Imagine a technology that could tell Olympic boxing champion Nicola Adams which tactics to use to ensure win at every fight at Rio 2016. Imagine another technology that can help German sailor Philipp Buhl to predict, almost accurately, the current strength and direction as he whips his boat along Guanabara Bay at Rio.
What we are trying to say here is that technology in general and data analytics in particular can help athletes win big at any sporting competition.
“Real-time data analytics may not seem like a big leap from an innovation point of view, but it has the potential to enable yet more records to be broken in 2016,” says Dr Helen Meese, HoD at the Institution of Mechanical Engineers- IME.
Boxers in team GB have used the “iBoxer” program to make use of data analytics. “iBoxer” was developed in collaboration with Sheffield Hallam University. The system uses a plethora of databases on the teams’ members as well as their opponents. It shows various threat and opportunities for the fighter, making use of detailed fight analysis to make recommendations.
The Australian Institute of Sport (AIS) has developed a program that enables National Sporting Organisations of Australia to closely check about 2,000 athletes every week.
“In athlete groups where there is really high engagement with data entry, we have been able to provide coaches with advice on training loads that have seen a reduction in injury and illness,” says Nick Brown, DD Performance Science and Innovation at AIS. “The tech part of this solution is the database, smart data analytics, and in some cases, the use of wearable sensors to bring in training data.”
Augmented Reality and Cycling:
Sports are consistently moving in the direction of data-driven performance analysis. Let’s take cycling for example. Optimization of bikes by gear sets and bearings means less attention will be given to the mechanical aspects and focus has shifted to how will it all work in the field out there?
The track cyclists of Team USA have been investigating live data during their training session and making use of Solos’ augmented reality glasses. Bike sensors collect data, for example: pedal revolutions, speed and power. This data is then sent to cyclist’s AR glasses using IBM’s cloud platform. While cycling, the athletes can also view their stats displayed on the glasses simultaneously.
“With the ability for the athlete to receive real-time feedback via the Solos smart glasses, they can now adjust on the fly,” says Ernesto Martinez, Solos Director. “This real-time feedback and adjustment capability will enable faster riding times.”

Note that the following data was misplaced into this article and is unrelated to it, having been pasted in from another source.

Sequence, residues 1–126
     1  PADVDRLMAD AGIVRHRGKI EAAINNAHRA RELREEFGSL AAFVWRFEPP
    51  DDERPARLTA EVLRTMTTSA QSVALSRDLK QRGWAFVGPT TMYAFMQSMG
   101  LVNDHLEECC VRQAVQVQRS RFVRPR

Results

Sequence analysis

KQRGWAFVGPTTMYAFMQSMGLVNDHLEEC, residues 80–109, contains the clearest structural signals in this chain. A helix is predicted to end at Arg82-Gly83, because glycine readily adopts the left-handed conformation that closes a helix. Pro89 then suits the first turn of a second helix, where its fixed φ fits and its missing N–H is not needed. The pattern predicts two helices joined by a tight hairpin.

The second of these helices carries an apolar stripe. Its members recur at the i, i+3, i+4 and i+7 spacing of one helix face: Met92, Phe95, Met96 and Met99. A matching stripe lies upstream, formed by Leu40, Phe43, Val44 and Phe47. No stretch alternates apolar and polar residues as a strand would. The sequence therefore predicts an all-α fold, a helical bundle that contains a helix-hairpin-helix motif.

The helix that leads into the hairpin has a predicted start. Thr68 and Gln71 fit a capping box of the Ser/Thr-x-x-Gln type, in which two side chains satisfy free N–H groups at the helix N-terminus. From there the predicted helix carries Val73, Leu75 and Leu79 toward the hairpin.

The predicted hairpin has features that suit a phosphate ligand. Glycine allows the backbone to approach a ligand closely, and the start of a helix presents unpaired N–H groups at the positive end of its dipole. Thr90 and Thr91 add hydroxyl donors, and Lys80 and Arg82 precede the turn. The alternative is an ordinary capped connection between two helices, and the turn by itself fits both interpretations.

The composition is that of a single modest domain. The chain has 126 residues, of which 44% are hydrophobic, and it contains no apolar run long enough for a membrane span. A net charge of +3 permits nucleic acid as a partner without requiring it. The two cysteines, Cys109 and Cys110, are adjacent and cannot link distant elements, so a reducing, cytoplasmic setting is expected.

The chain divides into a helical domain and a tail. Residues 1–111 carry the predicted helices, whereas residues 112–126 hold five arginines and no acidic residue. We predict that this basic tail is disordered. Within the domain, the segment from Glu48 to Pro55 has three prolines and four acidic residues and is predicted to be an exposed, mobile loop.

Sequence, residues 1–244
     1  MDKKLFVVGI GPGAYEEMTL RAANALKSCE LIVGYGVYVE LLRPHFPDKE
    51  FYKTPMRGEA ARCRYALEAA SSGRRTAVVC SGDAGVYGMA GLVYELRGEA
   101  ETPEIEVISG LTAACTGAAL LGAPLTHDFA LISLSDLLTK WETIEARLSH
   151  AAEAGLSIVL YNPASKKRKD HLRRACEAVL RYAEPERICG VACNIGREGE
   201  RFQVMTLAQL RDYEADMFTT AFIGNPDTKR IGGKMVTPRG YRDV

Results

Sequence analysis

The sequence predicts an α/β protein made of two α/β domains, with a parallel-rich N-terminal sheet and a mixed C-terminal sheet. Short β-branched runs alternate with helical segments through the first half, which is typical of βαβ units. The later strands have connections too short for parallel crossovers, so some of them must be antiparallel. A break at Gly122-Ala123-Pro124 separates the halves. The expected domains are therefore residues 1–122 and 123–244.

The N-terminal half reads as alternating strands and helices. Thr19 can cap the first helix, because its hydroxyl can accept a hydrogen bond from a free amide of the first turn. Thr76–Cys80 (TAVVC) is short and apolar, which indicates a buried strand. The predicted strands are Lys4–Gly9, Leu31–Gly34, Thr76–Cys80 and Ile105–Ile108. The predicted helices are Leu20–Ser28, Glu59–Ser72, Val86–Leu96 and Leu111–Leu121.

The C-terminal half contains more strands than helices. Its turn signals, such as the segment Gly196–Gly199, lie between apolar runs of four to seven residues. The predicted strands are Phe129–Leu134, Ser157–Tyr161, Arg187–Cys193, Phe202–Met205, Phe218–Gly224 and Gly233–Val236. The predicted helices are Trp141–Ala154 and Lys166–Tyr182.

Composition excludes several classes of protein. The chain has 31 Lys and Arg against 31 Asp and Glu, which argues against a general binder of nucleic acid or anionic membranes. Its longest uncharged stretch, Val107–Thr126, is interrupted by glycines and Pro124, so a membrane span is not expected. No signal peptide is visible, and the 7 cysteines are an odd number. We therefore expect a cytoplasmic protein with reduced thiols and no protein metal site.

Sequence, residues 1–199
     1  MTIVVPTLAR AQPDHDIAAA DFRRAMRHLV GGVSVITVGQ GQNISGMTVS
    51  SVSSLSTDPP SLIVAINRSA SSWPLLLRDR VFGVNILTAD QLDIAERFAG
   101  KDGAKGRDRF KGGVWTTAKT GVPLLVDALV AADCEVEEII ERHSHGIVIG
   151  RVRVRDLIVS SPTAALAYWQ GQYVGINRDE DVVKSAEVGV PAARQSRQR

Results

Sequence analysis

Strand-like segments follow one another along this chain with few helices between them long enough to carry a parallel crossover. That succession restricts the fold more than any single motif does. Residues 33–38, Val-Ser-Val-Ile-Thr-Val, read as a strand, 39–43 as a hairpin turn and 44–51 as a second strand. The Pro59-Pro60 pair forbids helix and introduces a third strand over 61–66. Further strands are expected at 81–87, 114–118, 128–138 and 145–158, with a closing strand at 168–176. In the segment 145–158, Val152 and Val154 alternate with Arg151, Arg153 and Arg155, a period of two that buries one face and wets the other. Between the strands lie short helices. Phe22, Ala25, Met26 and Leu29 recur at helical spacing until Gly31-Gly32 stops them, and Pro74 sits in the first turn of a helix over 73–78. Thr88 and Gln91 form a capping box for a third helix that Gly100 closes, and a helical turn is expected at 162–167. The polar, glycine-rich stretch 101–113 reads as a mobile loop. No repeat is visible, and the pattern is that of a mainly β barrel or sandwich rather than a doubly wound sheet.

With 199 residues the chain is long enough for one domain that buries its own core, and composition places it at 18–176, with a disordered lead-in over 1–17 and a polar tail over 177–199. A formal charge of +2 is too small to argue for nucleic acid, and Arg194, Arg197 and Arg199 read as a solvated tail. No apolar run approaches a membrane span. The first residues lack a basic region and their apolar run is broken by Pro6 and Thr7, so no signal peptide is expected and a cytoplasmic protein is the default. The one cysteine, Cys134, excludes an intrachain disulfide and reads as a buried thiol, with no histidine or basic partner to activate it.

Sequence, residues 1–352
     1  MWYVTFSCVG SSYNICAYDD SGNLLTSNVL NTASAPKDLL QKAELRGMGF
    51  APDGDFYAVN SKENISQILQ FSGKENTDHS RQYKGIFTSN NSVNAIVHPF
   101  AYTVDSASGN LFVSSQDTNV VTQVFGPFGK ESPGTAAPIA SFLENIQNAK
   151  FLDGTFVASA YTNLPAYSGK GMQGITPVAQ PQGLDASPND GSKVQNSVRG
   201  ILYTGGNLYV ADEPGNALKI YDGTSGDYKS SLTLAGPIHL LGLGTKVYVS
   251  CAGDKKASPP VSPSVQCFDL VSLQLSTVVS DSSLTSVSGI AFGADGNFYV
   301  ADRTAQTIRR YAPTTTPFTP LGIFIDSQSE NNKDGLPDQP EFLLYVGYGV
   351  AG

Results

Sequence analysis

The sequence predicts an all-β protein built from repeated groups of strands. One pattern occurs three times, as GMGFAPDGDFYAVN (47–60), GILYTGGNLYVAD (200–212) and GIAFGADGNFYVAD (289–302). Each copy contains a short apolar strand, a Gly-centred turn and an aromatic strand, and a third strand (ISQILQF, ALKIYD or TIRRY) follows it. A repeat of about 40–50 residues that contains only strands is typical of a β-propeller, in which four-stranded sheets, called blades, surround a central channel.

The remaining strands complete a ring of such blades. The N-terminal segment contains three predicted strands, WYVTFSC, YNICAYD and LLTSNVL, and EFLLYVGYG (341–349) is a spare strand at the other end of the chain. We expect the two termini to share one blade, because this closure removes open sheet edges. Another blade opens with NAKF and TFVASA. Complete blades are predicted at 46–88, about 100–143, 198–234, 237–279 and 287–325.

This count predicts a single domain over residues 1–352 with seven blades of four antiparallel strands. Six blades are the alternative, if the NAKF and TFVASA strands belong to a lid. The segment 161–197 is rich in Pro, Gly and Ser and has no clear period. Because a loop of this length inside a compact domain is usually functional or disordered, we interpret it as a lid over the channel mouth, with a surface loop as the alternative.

Note: These AR glasses will not be allowed during the actual Games.
Business software firm SAP and Sailing Team Germany (STG) came together in 2011 with the aim of revitalizing the nation’s participation in sports in the aftermath of Sydney 2000.
“The goal is to develop technology that helps the sailors train better, perform better and learn quicker,” says Marcus Baur, STG’s Technology head.
The major product of this technology is development of virtual models that makes use of real data and ever-changing weather, current and wind conditions to be analysed in detail.
“Rio’s Guanabara Bay is tidal, which creates a repetitive pattern which we can analyse and draw predictions from,” says Mr Baur. “We did more than 3,000 measurements of the Bay to build a tide model and we now have it available at the Olympics.”
The athletes and their coaches need to put faith in these virtual models.
“In the final race at the World Championships in Spain in 2014 [German sailor, Philipp Buhl] had access to the information but the coach didn’t trust it – our tide model recommended for him to go in one direction and he went in the other direction and lost,” says Mr Baur. “Sailors will trust the model a lot more this time around.”
Paralympics– Above and Beyond:
Technology can also contribute towards Paralympics.
For example the aerospace company- BAE systems, worked with UK Sports on wheelchairs using different racing positions that increased the wheelchair acceleration by 20%.
Autodesk is a software company in US that has designed a 3D-printed polycarbonate prosthetic leg for Denise Schindler, the German para-cycling champion. This prosthetic leg gives more power output suited for Paralympics ’16.
“We’ve been able to create something that is much more lightweight and even more aerodynamic,” says Paul Sohi, Autodesk’s product designer.
A question arises that does using best technologies give certain countries an unfair advantage, just because they can afford it? What about those who are not as rich? In wake of the doping scandals, it is obvious that athletes want a competitive edge over others. Therefore, it is up to the sporting organizations to determine how much tech is allowed and how much could be considered cheating.